Ardkitt, Co. Cork
This house arises from a desire for durable construction, intelligent detailing and an architecture that is founded on abiding architectural principles and the ideas and traditions embodied in similar sized vernacular buildings which have themselves endured.
A two-storey longhouse turned perpendicularly to the slope, is located at the centre point of its site in order to align with a neighbouring farmhouse. A number of ground floor annexes added to the house in the form of a sitting room and anchoring chimney stack, utility room and external storage area make intimate sheltered spaces to the exterior. A ground floor kitchen/living/dining space at the centre of the house is made possible by a pair of large expressed precast concrete beams that allow dual orientation to the east and west. An exposed painted timber soffit then spans this space from beam to beam. A sheeted timber staircase rises to the first-floor bedroom accommodation and a first-floor terrace with views to the landscape beyond.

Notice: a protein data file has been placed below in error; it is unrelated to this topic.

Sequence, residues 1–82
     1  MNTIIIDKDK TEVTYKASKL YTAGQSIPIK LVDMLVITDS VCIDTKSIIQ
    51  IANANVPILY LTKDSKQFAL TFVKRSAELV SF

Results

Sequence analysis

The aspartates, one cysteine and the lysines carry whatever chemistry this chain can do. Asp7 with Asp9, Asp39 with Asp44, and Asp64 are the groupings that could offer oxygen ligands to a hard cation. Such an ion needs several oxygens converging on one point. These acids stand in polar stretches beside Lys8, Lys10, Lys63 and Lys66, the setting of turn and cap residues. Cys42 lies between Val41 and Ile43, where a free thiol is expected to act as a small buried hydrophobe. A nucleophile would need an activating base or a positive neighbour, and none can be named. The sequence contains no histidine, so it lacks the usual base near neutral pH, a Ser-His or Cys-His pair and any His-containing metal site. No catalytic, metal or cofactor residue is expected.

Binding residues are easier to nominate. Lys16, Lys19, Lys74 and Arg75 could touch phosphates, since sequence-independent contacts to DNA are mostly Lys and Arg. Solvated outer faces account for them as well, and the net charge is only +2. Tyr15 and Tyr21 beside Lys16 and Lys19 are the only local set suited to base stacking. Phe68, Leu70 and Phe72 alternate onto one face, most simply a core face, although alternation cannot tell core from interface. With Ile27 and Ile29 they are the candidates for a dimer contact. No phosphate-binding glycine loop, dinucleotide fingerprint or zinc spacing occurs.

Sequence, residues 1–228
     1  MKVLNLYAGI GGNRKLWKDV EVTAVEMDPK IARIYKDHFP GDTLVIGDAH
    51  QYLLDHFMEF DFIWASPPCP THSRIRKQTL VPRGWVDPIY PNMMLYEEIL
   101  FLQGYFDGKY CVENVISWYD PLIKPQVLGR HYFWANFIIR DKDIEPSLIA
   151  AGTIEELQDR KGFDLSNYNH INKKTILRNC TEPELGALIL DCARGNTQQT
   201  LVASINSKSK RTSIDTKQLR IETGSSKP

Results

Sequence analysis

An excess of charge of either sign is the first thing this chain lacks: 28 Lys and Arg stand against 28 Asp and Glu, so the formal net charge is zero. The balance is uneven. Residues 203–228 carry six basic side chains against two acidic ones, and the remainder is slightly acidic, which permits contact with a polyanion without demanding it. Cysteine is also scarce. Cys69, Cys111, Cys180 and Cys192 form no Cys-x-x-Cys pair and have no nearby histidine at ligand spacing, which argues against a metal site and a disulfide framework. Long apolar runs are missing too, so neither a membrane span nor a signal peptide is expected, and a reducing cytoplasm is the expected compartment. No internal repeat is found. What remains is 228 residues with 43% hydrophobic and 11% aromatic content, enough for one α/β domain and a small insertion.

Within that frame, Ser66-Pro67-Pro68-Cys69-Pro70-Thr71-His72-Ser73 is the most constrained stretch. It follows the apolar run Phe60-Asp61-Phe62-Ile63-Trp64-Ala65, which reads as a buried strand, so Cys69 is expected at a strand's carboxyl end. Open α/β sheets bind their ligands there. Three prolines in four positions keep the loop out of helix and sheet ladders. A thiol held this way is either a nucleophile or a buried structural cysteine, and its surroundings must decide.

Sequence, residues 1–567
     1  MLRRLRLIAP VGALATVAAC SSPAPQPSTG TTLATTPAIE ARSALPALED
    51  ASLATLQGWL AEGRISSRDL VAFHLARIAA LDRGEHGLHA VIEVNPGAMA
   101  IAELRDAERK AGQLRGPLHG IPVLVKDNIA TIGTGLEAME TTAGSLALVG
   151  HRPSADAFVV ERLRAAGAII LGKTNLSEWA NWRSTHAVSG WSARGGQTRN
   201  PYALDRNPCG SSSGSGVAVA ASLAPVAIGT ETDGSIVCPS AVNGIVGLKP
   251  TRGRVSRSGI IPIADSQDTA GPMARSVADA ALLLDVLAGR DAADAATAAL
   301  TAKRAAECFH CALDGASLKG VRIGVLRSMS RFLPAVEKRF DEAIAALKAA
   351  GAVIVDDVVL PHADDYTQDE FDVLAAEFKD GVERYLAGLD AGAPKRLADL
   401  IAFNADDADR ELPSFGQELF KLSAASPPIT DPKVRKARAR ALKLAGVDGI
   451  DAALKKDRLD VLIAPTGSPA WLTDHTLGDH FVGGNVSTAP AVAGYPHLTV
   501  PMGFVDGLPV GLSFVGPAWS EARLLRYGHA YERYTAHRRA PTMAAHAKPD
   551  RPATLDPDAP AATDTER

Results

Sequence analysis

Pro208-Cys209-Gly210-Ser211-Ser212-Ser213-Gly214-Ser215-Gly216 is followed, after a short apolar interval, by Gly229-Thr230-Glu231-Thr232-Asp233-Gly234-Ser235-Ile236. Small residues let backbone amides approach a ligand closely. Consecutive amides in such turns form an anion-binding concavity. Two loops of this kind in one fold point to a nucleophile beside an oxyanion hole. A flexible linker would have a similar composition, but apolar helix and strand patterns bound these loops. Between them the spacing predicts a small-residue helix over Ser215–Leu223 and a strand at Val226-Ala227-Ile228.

The simple architectural form is accentuated by its simple exterior of plaster, stone and natural slate roofing. Window openings, much like local farm buildings, are articulated with expressed precast concrete lintels overhead. The repeat first-floor window heads are purposely brought in close contact with the roofline in reverence to vernacular farmhouses in the area. Soffit and fascias are purposefully paired back to strengthen the architectural form but also to ensure minimum maintenance over time. Rainwater gutters and downpipes are furnished in unpainted galvanized mild steel directly fixed to a plastered wall.
By exploring and building upon local material and structural strategies of the local vernacular this house attempts to be wholly of its place.